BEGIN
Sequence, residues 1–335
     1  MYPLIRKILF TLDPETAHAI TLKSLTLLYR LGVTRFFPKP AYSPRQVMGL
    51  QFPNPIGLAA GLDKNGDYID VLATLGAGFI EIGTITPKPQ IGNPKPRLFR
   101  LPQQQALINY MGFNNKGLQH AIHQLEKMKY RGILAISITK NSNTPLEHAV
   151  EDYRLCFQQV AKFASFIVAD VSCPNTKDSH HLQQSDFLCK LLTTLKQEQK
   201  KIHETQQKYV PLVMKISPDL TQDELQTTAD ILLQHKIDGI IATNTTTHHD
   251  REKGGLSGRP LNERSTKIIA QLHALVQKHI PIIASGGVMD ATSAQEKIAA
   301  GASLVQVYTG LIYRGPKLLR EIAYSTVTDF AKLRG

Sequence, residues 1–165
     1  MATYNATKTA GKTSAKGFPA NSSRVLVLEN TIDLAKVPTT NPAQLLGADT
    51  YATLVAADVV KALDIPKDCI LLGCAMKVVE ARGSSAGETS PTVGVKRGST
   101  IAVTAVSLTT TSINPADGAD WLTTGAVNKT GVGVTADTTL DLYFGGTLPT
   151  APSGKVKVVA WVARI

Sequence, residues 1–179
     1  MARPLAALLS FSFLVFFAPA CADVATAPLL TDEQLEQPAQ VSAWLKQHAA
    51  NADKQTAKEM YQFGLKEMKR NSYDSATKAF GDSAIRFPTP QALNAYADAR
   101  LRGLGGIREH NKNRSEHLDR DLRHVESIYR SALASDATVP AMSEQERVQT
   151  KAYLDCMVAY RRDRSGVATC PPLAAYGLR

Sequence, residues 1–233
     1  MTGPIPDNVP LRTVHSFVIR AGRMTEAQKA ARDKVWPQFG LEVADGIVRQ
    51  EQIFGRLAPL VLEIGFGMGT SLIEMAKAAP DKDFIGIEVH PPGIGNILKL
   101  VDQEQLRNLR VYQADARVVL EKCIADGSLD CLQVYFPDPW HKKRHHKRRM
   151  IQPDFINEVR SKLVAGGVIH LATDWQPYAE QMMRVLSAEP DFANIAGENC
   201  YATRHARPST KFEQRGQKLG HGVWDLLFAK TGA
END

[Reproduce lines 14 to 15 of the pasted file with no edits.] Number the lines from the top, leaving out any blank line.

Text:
Sequence, residues 1–179
     1  MARPLAALLS FSFLVFFAPA CADVATAPLL TDEQLEQPAQ VSAWLKQHAA